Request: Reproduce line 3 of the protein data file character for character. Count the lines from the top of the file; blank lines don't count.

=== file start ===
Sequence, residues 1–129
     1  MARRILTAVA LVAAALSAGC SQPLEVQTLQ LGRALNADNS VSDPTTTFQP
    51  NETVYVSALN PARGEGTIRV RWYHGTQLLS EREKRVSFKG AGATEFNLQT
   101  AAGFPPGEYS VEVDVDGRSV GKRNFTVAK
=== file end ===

    51  NETVYVSALN PARGEGTIRV RWYHGTQLLS EREKRVSFKG AGATEFNLQT